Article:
NZ Herald Political Editor Audrey Young blogs that she is very angry at the statement that the story misrepresents what was said.
Having read the story, Audrey’s blog and an extract of the full interview, I have to say that I don’t think the fault lies with the NZ Herald staff. If I was in their shoes I suspect I would have interpreted it the same way. Especially:
Key: It’s pretty straightforward isn’t it? It’s all very well people having a whack at us, but if they want to bring us a proposal in line with what Peters said on television, we’ll sign it. I keep asking for it. No one has shown it to me.”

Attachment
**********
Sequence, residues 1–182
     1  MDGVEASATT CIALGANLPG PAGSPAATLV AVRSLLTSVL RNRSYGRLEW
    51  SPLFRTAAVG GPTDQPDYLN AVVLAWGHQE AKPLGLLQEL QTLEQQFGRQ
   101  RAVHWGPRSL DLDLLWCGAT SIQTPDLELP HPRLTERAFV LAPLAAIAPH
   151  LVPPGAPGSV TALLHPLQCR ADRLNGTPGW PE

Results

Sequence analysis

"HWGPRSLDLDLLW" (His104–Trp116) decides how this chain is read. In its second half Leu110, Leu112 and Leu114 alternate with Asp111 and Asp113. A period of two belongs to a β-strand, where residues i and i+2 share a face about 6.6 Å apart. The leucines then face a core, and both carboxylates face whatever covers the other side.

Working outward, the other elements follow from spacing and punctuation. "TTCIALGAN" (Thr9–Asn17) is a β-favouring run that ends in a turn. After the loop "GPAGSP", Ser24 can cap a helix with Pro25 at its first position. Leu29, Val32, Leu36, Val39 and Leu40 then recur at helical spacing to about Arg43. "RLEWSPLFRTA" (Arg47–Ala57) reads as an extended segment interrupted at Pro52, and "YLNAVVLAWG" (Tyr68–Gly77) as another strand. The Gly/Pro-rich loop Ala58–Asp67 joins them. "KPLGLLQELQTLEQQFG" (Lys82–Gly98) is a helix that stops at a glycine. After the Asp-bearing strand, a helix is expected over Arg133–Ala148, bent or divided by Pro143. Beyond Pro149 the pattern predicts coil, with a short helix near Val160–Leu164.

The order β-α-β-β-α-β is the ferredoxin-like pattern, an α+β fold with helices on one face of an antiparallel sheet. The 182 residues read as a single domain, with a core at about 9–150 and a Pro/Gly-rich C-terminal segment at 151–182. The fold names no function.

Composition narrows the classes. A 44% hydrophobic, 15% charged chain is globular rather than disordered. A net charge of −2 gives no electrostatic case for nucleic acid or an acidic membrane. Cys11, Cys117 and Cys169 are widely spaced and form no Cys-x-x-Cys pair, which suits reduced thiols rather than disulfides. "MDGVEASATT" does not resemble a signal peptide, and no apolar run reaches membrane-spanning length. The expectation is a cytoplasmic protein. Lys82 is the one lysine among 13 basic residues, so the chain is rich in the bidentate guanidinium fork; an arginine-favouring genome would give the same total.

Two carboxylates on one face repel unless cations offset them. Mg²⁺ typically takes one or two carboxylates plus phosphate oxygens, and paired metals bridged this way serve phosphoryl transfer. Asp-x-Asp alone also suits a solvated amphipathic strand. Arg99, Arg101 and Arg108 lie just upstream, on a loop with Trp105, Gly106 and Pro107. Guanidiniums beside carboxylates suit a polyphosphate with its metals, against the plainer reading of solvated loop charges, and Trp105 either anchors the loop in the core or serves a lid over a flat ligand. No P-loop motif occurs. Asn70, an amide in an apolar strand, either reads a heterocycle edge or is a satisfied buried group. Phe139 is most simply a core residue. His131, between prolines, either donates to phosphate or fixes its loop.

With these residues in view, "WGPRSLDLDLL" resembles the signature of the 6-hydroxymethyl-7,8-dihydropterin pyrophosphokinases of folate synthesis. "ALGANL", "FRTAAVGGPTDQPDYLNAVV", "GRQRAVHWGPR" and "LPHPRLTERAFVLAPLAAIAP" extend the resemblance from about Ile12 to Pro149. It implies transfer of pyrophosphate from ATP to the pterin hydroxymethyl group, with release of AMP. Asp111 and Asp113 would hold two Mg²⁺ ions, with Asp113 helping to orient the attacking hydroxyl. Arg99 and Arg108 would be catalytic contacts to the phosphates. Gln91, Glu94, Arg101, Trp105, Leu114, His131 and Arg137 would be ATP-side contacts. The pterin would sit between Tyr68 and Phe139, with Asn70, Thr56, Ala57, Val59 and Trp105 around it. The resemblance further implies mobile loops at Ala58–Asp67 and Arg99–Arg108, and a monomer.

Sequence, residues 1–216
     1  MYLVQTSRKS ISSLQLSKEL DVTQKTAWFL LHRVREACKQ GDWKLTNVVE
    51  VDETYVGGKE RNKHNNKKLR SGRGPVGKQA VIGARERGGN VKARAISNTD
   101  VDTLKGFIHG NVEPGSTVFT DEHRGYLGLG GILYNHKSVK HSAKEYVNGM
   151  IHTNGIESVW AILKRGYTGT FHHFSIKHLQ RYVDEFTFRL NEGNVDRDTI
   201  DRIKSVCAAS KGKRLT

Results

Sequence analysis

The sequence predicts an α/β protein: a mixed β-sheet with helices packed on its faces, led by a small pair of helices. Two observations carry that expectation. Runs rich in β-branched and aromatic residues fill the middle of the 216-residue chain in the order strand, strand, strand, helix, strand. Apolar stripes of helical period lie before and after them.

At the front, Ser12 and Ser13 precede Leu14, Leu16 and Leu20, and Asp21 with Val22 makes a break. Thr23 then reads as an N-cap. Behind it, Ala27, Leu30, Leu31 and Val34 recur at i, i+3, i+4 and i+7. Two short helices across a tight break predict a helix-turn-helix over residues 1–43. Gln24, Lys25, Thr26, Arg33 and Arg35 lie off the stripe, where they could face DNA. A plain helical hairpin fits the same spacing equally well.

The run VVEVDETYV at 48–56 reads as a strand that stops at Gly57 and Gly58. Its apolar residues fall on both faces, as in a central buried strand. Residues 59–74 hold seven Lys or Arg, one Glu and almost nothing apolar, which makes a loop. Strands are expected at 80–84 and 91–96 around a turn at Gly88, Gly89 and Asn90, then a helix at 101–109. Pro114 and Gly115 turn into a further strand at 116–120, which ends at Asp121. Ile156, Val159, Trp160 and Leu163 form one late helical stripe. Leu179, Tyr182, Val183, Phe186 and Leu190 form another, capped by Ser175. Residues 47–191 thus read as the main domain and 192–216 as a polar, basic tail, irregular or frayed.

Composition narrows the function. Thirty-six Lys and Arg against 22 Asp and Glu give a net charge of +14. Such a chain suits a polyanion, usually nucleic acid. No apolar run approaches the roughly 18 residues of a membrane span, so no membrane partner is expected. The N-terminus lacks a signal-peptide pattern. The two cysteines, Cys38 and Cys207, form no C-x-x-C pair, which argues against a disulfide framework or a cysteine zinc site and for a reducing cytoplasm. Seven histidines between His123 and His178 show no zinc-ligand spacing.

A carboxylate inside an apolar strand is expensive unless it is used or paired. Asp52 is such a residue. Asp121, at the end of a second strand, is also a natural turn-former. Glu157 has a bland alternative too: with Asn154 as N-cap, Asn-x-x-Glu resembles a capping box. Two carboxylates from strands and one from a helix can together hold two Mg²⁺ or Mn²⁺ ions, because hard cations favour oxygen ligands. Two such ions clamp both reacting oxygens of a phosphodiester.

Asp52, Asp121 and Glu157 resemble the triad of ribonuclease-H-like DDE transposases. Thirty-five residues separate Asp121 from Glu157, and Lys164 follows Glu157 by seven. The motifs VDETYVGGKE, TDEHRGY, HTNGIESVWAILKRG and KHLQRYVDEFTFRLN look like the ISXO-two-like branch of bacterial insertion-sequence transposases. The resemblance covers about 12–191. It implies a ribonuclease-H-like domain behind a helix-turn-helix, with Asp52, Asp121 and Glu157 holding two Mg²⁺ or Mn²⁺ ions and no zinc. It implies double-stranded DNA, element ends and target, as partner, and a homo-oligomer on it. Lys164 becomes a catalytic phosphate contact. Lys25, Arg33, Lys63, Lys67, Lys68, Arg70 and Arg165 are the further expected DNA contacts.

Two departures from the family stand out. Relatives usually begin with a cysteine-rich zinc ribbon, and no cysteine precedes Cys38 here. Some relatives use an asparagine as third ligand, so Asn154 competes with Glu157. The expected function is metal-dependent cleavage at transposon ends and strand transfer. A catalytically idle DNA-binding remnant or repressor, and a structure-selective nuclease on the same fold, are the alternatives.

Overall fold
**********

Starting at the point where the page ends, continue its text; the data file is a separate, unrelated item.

Now the problem seems to be that Key was interpreting the Peters amendment as carving out complementaries. He refers to this later on by saying:
If someone wants to show us a proposal and it does what it says and carves out complementaries with a voluntary opt-in, we’ll sign it.
But in fact the Peters proposal, according to media reports, was carving out those who sell just in NZ with those who do not. Of course as the proposal has not to date been published no-one knows for sure.
So I can see where the confusion happened. I think there are two key lessons for John Key in this:
- The overwhelming need to be clear and unambiguous. Incidents like this can and do damage.
- Never debate the merits of a proposal one hasn’t seen!
In my books Key has made a mistake with his lack of clarity on this. It’s not the world’s biggest mistake. It is in fact a good mistake to learn from!Tags: National